Lahden Sibeliustalo © Juha Tanhua
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The city of Lahti invests in energy efficiency: “Economically sensible”

Known as a stage for Finnish winter sports, Lahti has also persistently sought to become an environment-oriented city. The city, which prided its business image in the 1980s, has been nominated for the European Green Capital 2020. Foundations for environmental work were laid already in the early 1990s, when the city began restoring Lake Vesijärvi and sustainable development operations with its citizens. An important part of environmental matters that need to be promoted in Lahti is paying attention to energy efficiency.

In Lahti, the work towards energy efficiency had a strong start in 2011. At the time, the city’s construction instructions were altered to better include things related to energy efficiency.

Energy efficiency had previously been shadowed by other things in Lahti, and enough effort hadn’t been put towards maintaining enough expertise.

“The leap in 2011 was a large one. We knew that we should emphasise the importance of energy efficiency and good ways to promote it in our public construction, but also in the information directed at citizens,” says Saara Vauramo, Lahti’s Environmental Director.

Lahden kaupungintalo Lassi Häkkinen/Lahden kaupunki
© Lassi Häkkinen/Lahden kaupunki

In 2011, Lahti started the Green City project that put energy efficiency on centre stage. The city’s Tilakeskus obtained an expert with the tasks of promoting energy efficient construction, inspecting energy consumption in public properties and promoting the goals of the energy efficiency agreement.

“Tilakeskus became a promoter having been offered the additional resource by the project. A key factor was that the change didn’t come from the outside but rather from the inside of the organisation.”

From 2011, all public properties in Lahti have been fitted with a system monitoring their consumption in real time. In addition, energy inspections have been conducted in the properties, and the city has tried to find cost-effective investments to improve energy efficiency.

“Already during the first couple of years, our operations were boosted just by monitoring consumption in real time with a system that can monitor electricity, heat and water consumption in all properties.”

“We were able to intervene with abnormal situations where too much energy was being used. Better property monitoring is a clear step towards energy efficiency.”

Lahden uimahalli Lassi Häkkinen/Lahden kaupunki
© Lassi Häkkinen/Lahden kaupunki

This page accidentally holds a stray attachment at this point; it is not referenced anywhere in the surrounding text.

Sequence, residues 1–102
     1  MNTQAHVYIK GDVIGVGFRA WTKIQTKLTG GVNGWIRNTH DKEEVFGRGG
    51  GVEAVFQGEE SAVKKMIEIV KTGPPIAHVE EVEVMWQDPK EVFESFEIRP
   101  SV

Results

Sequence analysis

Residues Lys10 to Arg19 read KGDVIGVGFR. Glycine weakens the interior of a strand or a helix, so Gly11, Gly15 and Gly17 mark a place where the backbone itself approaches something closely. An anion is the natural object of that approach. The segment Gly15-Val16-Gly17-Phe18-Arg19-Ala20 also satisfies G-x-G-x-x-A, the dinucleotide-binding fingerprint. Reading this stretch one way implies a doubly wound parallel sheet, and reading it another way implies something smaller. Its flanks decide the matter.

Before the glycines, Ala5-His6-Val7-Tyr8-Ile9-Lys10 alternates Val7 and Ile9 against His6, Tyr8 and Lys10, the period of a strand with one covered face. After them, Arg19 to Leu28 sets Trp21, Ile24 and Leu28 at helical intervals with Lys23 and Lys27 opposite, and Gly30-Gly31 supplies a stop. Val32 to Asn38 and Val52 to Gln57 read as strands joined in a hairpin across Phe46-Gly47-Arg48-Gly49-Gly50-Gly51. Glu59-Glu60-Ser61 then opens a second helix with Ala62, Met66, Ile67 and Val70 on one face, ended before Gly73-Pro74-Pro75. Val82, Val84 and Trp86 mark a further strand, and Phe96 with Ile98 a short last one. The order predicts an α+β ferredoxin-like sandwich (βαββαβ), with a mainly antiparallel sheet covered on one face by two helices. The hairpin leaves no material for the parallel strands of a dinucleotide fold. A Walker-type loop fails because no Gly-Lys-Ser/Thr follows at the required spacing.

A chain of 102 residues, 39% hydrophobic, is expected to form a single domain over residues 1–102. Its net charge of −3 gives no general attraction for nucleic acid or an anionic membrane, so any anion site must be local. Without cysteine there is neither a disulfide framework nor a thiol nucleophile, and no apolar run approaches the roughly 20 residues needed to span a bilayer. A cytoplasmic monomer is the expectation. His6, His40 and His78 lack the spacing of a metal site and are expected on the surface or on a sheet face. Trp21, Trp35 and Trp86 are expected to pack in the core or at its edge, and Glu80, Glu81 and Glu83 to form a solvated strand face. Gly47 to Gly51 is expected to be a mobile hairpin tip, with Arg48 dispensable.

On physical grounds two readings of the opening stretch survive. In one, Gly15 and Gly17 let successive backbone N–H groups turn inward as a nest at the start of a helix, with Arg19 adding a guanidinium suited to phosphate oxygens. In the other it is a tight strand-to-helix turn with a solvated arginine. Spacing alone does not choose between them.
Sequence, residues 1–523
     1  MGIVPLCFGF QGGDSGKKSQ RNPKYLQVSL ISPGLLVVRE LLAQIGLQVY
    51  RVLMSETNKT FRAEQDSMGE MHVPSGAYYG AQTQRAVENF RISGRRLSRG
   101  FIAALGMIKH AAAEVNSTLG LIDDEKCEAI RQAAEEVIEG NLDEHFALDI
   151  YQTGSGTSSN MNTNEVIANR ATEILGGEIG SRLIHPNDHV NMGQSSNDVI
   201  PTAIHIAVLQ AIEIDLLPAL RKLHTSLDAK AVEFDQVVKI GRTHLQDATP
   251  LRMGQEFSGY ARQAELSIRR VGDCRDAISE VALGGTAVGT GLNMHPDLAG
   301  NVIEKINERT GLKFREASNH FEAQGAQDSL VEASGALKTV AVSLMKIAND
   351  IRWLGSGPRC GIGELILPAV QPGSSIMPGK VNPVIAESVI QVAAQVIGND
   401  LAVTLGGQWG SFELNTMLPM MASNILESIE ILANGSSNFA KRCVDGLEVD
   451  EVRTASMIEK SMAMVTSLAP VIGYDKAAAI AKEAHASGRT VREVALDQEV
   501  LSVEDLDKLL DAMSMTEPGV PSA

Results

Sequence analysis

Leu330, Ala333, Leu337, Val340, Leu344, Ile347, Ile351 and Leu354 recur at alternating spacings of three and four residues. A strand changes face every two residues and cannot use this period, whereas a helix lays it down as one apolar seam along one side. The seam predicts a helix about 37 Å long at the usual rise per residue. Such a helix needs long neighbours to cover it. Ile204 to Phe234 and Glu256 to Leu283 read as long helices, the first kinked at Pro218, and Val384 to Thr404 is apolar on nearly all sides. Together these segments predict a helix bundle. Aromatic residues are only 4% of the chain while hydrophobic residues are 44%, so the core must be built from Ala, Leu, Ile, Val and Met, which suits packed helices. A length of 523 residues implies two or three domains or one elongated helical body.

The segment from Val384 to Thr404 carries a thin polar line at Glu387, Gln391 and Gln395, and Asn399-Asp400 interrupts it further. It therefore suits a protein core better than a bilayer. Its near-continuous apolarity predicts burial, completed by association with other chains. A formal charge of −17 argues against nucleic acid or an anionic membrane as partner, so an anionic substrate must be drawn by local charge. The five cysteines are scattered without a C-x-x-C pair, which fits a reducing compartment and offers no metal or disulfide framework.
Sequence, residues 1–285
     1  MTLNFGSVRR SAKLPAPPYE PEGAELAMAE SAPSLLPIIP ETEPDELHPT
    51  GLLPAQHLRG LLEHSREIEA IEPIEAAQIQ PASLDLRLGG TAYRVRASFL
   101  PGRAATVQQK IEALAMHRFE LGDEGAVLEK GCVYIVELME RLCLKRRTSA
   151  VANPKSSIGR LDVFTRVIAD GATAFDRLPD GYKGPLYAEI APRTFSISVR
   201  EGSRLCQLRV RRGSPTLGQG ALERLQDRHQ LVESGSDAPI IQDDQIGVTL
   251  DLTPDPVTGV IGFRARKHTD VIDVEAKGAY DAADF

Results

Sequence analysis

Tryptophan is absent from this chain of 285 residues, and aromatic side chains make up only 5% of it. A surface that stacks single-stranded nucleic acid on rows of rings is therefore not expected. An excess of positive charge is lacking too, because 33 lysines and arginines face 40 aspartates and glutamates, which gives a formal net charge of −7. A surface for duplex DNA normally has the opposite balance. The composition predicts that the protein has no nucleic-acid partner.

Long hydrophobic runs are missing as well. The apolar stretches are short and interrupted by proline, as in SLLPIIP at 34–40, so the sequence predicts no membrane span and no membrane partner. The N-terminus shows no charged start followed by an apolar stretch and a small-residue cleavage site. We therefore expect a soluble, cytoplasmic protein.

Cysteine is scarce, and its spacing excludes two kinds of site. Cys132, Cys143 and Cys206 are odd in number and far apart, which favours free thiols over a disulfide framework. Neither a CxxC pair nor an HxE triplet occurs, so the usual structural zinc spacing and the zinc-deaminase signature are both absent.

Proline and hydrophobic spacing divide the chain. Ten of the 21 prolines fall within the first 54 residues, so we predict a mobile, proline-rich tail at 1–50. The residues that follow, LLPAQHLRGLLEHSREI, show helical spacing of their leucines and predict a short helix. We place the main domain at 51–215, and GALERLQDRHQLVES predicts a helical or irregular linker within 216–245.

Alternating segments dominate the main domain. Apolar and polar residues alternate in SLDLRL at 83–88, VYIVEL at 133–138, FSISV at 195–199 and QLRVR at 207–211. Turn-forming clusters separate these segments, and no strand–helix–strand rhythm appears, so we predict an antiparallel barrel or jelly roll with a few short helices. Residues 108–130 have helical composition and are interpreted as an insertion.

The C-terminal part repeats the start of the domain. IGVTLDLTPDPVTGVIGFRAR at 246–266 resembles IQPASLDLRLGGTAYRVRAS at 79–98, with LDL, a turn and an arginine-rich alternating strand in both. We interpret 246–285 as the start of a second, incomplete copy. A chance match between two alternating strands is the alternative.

Vauramo says that Lahti has also actively sought to find new investment opportunities.

“Currently, we are working with a large ESCO project with larger properties that consume a lot of energy. These include, for instance, the city hall, Sibelius Hall and the Sport Centre’s buildings and swimming hall. The project’s goal is to reduce the properties’ energy consumption by 30% over the next 10 years.”

In a nutshell, the idea behind the ESCO project is the following: outside energy expertise brings clients investments and actions to improve energy usage and to reduce consumption. The projects’ expenses are paid with the savings from lower energy costs. The goals of the projects are monitored closely and they must be reached at the risk of sanctions.

For Lahti, the largest benefits gained from investing in energy efficiency have been economical. The city owns around 300 properties and on a group level the number is increasing.

“Maintaining the properties causes substantial expenses. Energy efficiency has become economically sensible and this is the fact we can best use to justify it.”

Energy efficient solutions also allow the city to deal with the properties’ issues.

“When we are monitoring electricity, heat and water consumption, we can observe, for instance, leaking plumbing fixtures or solutions consuming an exceptional amount of electricity. We can deal with problems much earlier rather than to allow them to become major risks."

Lahden Sibeliustalo Juha Tanhua
© Juha Tanhua

Lahti is trying to find a balance between letting users participate and doing everything through automation.

“At the moment, properties are being monitored to a large extent and there is not much that a user can do to adjust things. It can be hard to create the best possible conditions for everybody. Somebody likes their room temperature a couple of degrees higher than somebody else.”

Problems with indoor air is something that has been discussed in other cities and also in Lahti.

“We cannot start reducing air conditioning. In these cases, energy efficiency is not the most important factor but people’s safety. We have to prioritise what is important.”

Aurinkopaneeleja Lahden Hiihtostadionin katsomon katolla Lassi Häkkinen/Lahden kaupunki
© Lassi Häkkinen/Lahden kaupunki

 

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